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Tribute to a saint who did miracle with wheat

The work of Norman Borlaug, who helped save billions from starvation, is worth recollecting on his death anniversary, especially as opposition to gene-modified crops mount

Shreekant Sambrani 

Norman Borlaug
Norman Borlaug

If Norman Ernest Borlaug were a Roman Catholic, he could be declared a saint immediately. The Church begins the canonisation process five years after the death of the candidate and requires the person be credited with at least two miracles, one of which must have occurred after death. Borlaug died at the age of 95 on September 12, 2009. He exceeded the miracle requirement of by a factor of at least half a billion, during and after his life. By common consent, he is thought to have saved over a billion lives through his intercession with Mother Nature, the non-believer's equivalent of the Supreme Being.

I have recounted Borlaug's monumental contribution to what we now call the Green Revolution and its antecedents in these columns earlier ("Gene revolution, the antecedents," January 22, 2013). To recapitulate briefly, Borlaug went to Mexico in 1944 to help fight hunger. He bred dwarf wheat plants that diverted their bio-energy from vegetative growth (tall plants with long leaves) to reproductive growth with higher grain yield, were disease resistant and flourished when the nutrient depleted soils were given chemical fertilisers. This process took over 15 years and by the early 1960s, the Mexican wheat yield had increased six-fold!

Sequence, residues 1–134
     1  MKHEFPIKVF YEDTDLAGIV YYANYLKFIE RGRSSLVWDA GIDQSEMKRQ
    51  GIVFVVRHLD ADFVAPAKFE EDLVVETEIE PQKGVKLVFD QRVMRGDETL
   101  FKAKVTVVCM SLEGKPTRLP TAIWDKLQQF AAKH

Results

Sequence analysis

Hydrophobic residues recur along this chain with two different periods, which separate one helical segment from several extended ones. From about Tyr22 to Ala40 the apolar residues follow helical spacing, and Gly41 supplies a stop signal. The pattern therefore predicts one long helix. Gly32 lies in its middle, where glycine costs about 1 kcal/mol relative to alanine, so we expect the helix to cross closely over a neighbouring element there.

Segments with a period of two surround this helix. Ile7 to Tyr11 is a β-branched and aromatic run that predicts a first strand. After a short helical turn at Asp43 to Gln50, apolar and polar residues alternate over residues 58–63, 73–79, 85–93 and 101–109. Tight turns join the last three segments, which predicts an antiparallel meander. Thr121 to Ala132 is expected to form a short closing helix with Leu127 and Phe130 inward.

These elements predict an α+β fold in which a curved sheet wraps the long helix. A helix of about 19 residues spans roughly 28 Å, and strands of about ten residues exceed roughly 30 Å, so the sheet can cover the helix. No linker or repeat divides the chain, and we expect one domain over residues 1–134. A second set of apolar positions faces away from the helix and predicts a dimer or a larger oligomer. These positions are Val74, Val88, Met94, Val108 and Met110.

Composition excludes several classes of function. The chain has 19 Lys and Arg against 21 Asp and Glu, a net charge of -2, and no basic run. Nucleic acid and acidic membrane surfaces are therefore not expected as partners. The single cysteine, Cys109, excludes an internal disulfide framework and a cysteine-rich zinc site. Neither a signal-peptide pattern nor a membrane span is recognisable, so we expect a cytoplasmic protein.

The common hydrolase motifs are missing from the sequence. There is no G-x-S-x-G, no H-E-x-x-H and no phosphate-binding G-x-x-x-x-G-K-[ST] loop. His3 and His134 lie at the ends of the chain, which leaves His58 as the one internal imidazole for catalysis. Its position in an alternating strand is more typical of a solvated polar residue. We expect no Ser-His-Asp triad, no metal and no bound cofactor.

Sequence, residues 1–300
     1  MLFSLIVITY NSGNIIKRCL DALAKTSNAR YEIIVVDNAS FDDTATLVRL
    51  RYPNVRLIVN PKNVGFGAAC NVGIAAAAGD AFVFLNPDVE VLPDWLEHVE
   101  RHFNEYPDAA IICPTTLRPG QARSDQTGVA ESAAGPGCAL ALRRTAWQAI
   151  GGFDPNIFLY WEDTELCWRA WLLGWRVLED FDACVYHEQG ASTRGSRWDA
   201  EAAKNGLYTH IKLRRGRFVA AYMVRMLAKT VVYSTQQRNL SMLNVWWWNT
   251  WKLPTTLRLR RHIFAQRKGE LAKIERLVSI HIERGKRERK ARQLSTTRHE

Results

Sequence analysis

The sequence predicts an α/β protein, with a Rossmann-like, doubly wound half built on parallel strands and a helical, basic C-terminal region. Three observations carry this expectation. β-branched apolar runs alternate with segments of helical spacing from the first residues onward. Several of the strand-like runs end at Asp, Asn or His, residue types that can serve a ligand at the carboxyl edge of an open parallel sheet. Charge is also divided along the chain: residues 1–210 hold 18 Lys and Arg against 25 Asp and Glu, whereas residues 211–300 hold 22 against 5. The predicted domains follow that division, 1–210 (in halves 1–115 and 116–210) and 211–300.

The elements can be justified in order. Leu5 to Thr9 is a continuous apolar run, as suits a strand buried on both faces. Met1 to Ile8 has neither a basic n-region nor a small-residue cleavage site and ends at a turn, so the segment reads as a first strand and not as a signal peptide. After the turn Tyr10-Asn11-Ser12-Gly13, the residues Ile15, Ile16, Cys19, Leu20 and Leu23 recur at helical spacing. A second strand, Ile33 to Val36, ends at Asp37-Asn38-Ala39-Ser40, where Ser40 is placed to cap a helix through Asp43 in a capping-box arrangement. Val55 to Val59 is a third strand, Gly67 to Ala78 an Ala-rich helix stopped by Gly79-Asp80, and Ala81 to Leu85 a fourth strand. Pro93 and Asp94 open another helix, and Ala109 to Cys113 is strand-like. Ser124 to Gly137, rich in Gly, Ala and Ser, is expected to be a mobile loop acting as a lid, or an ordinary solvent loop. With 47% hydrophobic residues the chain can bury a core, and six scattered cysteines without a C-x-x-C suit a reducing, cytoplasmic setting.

He came to India in 1966 at the invitation of the government, after the horrendous droughts of 1965 and 1966, when we led a ship-to-mouth existence on PL 480 wheat gifted by the United States. He had brought Mexican wheat seeds with him and replicated the Mexican success. By 1967, there was a turnaround and 1968 showed a jump of 50 per cent in our wheat production to reach 16 million tons (today we produce nearly six times as much on twice the acreage). We would have been a basket case otherwise. There could be no greater recognition of Borlaug's contribution than the Nobel Prize for Peace he received in 1970.

Its stellar success notwithstanding, the Green Revolution has been the subject of intense criticism. The leading antagonist is Vandana Shiva, who has a Ph D in philosophy, but insists that she is an experienced scientist. She has mounted what amounts to a crusade against modern technology-based agriculture, especially that which includes gene-modified (GM) varieties. In a recent article ("Seeds of slavery, The Asian Age, August 29, 2014), she made some preposterous claims:

"'Green Revolution' is the name given to chemical agriculture, based on seeds adapted to chemicals and not to the local ecosystem. During the 1960s, the US land-grant universities were involved in training our scientists in the "monoculture of the mind", the US' department of agriculture and US Agency for International Development (USAID) were involved in pushing [it]… In the five decades since the Green Revolution, science has taught us the value of diversity to ensure sustainability, increase in food production and resilience. Diversity creates abundance in our agriculture systems and benefits the quality of our food systems, and thereby, our health."

The truth, or what little I have been able to garner of it (and I have actually worked in agriculture since 1971, all over India and abroad, and studied realities at the farm level) is quite the contrary: there is every effort to preserve diversity in all crops, for that is what gives and sustains genetic vigour. ICAR has a very large bank of cultivars of diverse crops and germplasms, as do ICRISAT, CIMMYT and IRRI, all extremely well-respected institutions, but handmaidens of seed imperialism in Shiva's eyes.